Peco Code 75 Electrofrog points questions

 
  Gremlin Assistant Commissioner

Just purchased three sets of points to try a little DCC operation and test locomotives/carriages across points.  Pulled points out of the box, connected DCC power to track (open ended, just three sections of flexitrack and one set of points) and for each of the points that I try, switching the points from one track to the other causes a short.  In other words, one road is always OK, the other road always shorts.

Have never used code 75 before, haven't experienced this problem with N gauge points...is there something I am doing wrong, why would one road always cause a short?

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  dthead Site Admin

Location: Melbourne, Australia
sounds like the point is a electrofrog.  the frog may need a insulated gap.  No real differenc in HP or N scale, peco make both electrofrop and insulfrog in both N and HO.  A photo or quick sketch would help heeps.

Regards,
David Head
  Gremlin Assistant Commissioner

Hi David

It *is* electrofrog, but Fleischmann N gauge eletrofrog don't do this.

Why would an electrofrog point short out, isn't an insulated gap part of the point?  If you cut a rail (where?), doesn't that now turn it into an insulfrog?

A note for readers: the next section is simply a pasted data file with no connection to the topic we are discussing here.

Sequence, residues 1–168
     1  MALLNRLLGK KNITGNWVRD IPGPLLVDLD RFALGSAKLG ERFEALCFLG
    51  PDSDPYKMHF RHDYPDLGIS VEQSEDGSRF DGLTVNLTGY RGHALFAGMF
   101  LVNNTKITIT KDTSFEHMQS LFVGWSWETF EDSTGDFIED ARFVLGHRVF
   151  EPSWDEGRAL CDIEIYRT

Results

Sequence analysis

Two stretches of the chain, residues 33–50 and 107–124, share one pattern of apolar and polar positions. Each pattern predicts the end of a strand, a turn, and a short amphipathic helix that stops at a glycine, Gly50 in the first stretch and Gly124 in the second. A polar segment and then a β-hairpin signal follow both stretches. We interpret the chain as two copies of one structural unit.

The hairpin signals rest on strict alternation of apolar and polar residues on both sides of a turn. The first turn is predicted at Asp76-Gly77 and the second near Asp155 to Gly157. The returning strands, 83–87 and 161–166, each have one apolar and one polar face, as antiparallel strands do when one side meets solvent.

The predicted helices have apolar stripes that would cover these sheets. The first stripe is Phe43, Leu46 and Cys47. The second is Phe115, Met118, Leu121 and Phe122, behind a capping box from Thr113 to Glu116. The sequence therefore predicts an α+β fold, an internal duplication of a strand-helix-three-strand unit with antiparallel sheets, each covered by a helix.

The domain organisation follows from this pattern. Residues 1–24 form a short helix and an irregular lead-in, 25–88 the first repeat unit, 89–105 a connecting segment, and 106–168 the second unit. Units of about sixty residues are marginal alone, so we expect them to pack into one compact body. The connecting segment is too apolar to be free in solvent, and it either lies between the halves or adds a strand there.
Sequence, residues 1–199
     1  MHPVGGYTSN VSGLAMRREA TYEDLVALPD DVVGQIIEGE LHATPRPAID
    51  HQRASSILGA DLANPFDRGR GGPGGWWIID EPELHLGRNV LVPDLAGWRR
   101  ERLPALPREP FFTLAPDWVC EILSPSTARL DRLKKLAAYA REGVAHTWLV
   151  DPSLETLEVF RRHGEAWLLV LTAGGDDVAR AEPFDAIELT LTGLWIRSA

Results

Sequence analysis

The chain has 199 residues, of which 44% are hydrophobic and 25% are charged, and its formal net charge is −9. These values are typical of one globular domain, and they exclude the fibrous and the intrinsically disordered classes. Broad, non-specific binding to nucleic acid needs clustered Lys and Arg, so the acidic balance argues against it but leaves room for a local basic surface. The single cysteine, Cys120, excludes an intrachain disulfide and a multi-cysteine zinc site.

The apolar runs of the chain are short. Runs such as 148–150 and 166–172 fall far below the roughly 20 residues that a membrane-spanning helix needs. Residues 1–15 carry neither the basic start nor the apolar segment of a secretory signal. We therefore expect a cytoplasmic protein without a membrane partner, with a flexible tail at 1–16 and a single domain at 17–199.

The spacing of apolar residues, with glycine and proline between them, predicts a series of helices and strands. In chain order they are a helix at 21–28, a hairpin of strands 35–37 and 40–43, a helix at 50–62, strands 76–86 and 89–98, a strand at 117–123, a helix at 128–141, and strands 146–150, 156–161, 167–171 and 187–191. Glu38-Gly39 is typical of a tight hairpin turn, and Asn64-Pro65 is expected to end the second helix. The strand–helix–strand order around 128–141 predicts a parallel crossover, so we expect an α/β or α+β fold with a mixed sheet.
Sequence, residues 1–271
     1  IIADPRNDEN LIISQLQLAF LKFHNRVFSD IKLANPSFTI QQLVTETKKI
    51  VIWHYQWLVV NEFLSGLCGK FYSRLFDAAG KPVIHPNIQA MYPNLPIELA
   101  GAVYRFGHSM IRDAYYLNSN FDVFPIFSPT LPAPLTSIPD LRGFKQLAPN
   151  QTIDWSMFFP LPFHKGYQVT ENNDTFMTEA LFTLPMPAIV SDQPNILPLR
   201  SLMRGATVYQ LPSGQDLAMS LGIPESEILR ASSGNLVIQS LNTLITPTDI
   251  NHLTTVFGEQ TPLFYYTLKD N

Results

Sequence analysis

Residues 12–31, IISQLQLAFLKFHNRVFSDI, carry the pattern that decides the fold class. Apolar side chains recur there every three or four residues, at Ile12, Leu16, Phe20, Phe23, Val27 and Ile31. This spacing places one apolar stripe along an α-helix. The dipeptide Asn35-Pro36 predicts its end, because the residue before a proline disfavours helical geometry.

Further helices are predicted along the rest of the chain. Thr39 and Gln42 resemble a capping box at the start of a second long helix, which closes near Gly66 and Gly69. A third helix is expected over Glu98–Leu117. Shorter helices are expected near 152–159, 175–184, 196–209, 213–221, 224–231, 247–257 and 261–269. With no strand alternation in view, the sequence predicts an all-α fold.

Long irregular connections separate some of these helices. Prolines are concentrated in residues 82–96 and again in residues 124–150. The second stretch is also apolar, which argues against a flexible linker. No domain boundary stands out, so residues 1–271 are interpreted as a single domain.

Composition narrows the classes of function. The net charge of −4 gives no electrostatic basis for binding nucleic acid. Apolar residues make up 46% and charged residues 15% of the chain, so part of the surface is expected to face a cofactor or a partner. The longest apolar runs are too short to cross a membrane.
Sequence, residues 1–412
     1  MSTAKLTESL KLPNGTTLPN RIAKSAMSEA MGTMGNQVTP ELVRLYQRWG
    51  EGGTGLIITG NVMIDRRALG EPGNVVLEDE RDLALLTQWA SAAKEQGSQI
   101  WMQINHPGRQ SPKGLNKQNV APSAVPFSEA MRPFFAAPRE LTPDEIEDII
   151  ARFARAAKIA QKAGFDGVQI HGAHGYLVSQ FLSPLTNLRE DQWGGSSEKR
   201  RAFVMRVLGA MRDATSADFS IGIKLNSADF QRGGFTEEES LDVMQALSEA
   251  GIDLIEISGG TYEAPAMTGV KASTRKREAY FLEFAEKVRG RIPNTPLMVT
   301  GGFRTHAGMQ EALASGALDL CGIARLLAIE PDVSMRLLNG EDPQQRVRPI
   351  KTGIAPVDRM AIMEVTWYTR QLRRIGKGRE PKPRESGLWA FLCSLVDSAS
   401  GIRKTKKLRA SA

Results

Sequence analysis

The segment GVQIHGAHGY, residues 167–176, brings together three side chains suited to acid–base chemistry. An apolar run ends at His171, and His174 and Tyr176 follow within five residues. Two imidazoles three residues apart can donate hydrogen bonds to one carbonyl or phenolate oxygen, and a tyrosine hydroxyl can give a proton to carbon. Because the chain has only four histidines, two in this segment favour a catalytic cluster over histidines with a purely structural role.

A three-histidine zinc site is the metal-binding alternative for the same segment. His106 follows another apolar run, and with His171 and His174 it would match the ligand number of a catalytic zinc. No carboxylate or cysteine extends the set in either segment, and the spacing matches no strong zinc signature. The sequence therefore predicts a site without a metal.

Just don't understand....don't have a camera handy, but imagine three pieces of flextrack joined to a point - that is all it is, nothing else...just for testing.

Not very successfully so far Sad
  ARodH Chief Train Controller

Location: East Oakleigh, Vic
All I can think of is that you've not used any insulator fishplates like what the instructions in/on the box say to do. The short is coming from the live frog changing from + to - while still needing to remain + or vice versa.
  Gremlin Assistant Commissioner

Hi ARodH...

Have just RTFM Smile and see that it has a section for wiring to DCC or DC when the track shorts. Insulated fishplates are an option but not required according to the instruction sheet.

So it appears that I need to wire in a PL-13 or PL-15 switch if I want to use electrofrog with DCC...one can't just lay track and test it.

This is exactly *not* how the Fleischmann track works....it just....works, no funny wiring or additional switches.

Oh well....
  Gremlin Assistant Commissioner

OK...a quick Google landed me at http://www.wiringfordcc.com/switches_peco.htm

Which makes it simple for me to understand... Smile

But I don't understand why it doesn't work "out of the box" like Fleischmann N gauge, where one takes the point, connects rails and power and - voila - no wiring or fiddling or shorting or...just works.
  John_Bushell Chief Commissioner

Location: Brisbane
Grem,

I have used plenty of Peco Code 100 and Code 83 Electrofrog points and if you just connect up a few bits of flex track and the points you would not get a short.  You read the instructions it seems from your post.  Perhaps Code 75 points are queer.  If they were Code 100 or Code 83 I would just snip a couple of wires and no need for whatever those switches are that you mention, unless you want reliable operation in the longer term that is.  For a short run just to test not really needed.